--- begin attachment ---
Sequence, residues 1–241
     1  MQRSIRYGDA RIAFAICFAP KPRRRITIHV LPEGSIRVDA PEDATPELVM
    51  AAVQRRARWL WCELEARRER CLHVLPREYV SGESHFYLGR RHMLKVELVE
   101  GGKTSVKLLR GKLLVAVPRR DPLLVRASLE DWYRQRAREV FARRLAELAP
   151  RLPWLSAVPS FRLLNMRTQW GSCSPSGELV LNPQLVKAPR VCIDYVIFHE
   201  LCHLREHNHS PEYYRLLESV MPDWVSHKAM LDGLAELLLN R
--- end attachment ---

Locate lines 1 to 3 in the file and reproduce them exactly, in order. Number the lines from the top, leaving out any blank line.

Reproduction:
Sequence, residues 1–241
     1  MQRSIRYGDA RIAFAICFAP KPRRRITIHV LPEGSIRVDA PEDATPELVM
    51  AAVQRRARWL WCELEARRER CLHVLPREYV SGESHFYLGR RHMLKVELVE